Thursday, April 8, 2010

Child trafficking ring busted in Romania

The leaders of a child-trafficking operation that put hundreds of beggars on the streets of Britain were targeted in a series of raids today in a remote Romanian town where opulent mansions have sprung up since the country joined the European Union.

Roma children aged from 7 to 15 were bought or taken, possibly by force, from their parents in rural Romania and trained to beg and steal, making millions of pounds a year in Britain for their gangmasters at the height of the scam, police believe.

The alleged child-trafficking ring based in Tandarei, in southern Romania, was said to be responsible for sending at least 168 children to London, from where they would also travel to other towns and cities.

Gangmasters would take care of the children’s travel documents and accommodation in Britain, where they would often sleep in cramped conditions and be forced to hand over the money they obtained.

The dawn raids were part of a wider crackdown on traffickers active in Britain, Italy and Spain since Romania became a member of the EU in 2007.

Police who broke up a gang operating in Milan estimated that Romanian children were making €12,000 (£10,500) a month each on the streets and through the theft of credit cards and mobile phones.

“The network was recruiting children and forcing them to beg and commit petty thefts in Great Britain,” said a police official in Bucharest.

“They were taken from their families in Tandarei and they were forced into shoplifting and pickpocketing. We will have to see if the children were given willingly by their parents for the exchange of money or if they were taken by force.”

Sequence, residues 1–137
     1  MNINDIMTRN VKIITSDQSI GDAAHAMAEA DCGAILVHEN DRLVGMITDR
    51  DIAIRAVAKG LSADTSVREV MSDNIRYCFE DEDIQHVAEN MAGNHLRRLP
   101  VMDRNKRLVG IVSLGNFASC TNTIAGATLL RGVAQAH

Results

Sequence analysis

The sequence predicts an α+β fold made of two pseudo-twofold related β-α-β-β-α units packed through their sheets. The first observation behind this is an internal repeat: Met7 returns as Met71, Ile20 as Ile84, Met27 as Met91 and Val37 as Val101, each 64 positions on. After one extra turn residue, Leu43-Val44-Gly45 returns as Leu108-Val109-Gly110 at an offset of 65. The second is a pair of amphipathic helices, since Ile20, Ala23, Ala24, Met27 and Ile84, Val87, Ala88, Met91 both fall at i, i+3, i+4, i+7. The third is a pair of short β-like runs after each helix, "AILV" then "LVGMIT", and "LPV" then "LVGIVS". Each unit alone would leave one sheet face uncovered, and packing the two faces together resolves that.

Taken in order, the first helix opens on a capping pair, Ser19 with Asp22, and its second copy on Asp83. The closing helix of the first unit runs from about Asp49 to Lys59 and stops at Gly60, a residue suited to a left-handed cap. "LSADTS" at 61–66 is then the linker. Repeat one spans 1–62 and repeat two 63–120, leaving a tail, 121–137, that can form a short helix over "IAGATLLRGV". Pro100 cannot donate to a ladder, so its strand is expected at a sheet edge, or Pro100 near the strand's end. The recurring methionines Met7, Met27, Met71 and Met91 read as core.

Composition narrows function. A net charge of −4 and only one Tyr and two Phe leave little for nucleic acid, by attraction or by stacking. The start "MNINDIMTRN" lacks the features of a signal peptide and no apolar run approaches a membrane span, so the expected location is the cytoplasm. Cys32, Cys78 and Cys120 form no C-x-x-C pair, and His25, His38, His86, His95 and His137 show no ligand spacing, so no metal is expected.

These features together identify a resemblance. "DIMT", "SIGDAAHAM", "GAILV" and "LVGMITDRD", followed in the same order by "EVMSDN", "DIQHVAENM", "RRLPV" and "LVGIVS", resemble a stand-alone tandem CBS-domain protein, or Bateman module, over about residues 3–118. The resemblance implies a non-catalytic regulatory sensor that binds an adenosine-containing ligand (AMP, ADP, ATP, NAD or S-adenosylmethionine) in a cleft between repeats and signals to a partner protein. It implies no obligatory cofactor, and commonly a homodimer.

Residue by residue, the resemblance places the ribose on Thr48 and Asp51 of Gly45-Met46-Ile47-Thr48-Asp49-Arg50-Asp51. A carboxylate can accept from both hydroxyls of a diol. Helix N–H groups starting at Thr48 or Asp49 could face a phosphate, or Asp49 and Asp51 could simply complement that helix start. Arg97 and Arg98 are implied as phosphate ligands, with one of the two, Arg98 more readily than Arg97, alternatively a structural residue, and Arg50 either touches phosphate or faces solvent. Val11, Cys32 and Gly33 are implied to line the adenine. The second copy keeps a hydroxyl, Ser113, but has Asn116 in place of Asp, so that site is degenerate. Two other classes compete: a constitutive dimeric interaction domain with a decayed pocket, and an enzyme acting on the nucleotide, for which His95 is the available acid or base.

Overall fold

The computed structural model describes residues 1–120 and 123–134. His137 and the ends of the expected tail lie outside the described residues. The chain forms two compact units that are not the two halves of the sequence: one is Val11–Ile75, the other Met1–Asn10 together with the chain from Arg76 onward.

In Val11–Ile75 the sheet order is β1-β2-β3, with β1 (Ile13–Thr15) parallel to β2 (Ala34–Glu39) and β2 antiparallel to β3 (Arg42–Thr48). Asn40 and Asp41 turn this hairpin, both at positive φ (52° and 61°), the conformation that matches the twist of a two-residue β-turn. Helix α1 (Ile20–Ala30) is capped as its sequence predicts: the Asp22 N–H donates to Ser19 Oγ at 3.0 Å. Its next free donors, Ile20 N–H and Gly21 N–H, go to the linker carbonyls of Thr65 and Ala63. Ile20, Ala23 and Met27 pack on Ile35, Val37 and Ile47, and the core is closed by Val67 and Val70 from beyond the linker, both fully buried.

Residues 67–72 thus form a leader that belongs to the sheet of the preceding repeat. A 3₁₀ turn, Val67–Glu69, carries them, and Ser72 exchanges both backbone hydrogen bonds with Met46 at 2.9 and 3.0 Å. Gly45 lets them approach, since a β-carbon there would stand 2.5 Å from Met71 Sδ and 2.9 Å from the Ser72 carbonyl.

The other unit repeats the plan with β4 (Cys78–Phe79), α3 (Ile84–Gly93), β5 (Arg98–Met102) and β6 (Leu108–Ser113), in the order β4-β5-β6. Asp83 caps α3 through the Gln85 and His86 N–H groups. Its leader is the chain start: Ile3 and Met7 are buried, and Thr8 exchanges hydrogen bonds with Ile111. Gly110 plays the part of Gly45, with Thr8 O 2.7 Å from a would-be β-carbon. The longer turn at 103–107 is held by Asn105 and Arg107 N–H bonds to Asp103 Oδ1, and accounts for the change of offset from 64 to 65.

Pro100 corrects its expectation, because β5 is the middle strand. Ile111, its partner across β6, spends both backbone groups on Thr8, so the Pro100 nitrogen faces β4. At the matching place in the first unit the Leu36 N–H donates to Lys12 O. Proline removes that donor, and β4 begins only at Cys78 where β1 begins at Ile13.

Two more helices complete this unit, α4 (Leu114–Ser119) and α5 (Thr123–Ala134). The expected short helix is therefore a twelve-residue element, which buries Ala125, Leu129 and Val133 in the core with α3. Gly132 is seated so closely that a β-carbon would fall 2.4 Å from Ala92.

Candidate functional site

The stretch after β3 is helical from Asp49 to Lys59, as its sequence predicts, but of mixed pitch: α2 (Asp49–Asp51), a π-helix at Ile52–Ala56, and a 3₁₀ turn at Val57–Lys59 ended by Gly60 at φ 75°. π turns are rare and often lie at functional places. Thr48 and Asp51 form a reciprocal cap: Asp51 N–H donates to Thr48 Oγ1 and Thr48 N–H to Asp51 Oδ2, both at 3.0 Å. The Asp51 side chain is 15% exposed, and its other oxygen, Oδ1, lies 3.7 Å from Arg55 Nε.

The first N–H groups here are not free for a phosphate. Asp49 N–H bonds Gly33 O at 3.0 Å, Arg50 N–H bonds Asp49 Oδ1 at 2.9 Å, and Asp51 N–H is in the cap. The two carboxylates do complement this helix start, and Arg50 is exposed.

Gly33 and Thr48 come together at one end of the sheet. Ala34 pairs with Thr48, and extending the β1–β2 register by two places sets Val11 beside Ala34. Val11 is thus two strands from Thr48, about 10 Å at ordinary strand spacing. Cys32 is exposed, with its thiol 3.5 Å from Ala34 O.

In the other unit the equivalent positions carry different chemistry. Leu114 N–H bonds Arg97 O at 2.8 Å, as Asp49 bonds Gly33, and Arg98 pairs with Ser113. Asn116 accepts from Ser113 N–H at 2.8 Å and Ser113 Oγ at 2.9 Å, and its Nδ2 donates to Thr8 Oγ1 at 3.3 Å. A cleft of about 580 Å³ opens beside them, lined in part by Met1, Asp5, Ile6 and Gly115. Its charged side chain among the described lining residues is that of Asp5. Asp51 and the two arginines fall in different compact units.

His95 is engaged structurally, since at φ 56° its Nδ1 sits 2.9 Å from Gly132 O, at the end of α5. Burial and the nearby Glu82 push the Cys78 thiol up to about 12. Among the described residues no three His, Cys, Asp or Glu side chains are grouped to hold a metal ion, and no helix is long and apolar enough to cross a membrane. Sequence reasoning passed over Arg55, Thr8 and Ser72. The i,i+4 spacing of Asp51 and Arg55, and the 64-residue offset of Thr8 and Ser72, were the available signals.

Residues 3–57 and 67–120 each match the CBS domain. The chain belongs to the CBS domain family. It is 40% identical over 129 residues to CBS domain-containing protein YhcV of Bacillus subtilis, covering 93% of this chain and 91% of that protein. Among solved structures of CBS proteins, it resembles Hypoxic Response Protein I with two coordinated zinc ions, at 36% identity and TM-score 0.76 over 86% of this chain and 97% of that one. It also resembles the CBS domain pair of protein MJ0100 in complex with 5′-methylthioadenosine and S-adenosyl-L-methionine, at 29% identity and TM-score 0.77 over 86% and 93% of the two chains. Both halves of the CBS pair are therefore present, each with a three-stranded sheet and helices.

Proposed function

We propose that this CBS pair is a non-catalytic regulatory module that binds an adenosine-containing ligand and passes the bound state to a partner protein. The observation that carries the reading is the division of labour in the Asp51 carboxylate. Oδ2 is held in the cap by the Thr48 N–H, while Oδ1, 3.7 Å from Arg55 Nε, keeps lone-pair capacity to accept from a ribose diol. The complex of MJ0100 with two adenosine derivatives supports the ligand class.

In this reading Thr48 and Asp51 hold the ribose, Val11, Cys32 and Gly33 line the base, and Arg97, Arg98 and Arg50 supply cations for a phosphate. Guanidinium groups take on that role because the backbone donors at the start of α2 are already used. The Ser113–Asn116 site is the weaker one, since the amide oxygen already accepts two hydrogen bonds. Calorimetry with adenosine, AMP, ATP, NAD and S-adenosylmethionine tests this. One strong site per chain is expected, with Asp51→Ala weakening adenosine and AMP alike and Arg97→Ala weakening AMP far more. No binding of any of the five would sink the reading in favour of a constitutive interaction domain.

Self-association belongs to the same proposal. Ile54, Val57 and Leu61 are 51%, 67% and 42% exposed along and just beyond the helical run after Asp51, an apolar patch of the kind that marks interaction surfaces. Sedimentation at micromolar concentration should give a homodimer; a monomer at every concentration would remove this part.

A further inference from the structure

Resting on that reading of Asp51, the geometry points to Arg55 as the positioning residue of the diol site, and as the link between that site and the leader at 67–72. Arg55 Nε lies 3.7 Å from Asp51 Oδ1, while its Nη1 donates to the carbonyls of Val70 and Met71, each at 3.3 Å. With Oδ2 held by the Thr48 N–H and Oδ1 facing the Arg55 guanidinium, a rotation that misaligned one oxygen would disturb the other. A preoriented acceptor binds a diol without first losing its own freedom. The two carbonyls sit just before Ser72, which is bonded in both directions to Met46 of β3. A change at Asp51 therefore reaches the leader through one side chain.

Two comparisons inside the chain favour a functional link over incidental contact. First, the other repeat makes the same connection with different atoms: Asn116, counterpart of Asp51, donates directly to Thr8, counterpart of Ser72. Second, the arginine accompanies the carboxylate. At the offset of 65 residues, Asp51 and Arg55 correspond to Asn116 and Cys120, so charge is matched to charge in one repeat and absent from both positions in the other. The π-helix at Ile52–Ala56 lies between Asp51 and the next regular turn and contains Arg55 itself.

Some of the children are understood to be in care in Britain while others have been sent back to Romania. Police sources say that some families were prepared to give up their children for as little as €200 each.

After a year of planning at least 17 people were arrested after the raids on 33 homes in Tandarei by a small army of organised crime investigators, assisted by 26 Metropolitan Police officers and two observers from Interpol. The identities or roles of those held was not disclosed.

Firearms, jewellery, luxury cars and large sums of money were found at the homes of suspects, according to local media, which said that 320 Romanian officers were involved in the operation.

Tandarei, with its population of 12,000 people, 150km east of Bucharest, has undergone a seemingly miraculous economic boom in the past few years.

A town previously known for grim blocks of flats and traditional single-story stone buildings now has about 50 luxury homes and more and more BMWs and Audis are seen on the streets.

Asked last autumn about the newfound wealth of some residents, Vasile Sava, the mayor, said: “How can I know where they get the money from? Nobody is telling us how they made the money abroad, legally or illegally.”

Tandarei was identified as the home town of 15 children found living in three homes in Manchester last November who had been forced to carry out cashpoint distraction thefts.

Scotland Yard teamed up with Romanian police in a £1 million investigation funded by the EU to track down the criminals behind people-trafficking. They would not confirm if yesterday’s arrests were linked to the Manchester operation.

“Of course, it is not all Romanians who are here who are causing this problem,” said a British police spokesman. “The aim is to bring people to justice for human trafficking and exploitation of vulnerable members of the Roma community.

“We will be seeking to disrupt organised crime networks in any way, prosecuting key individuals here and in Romania.”

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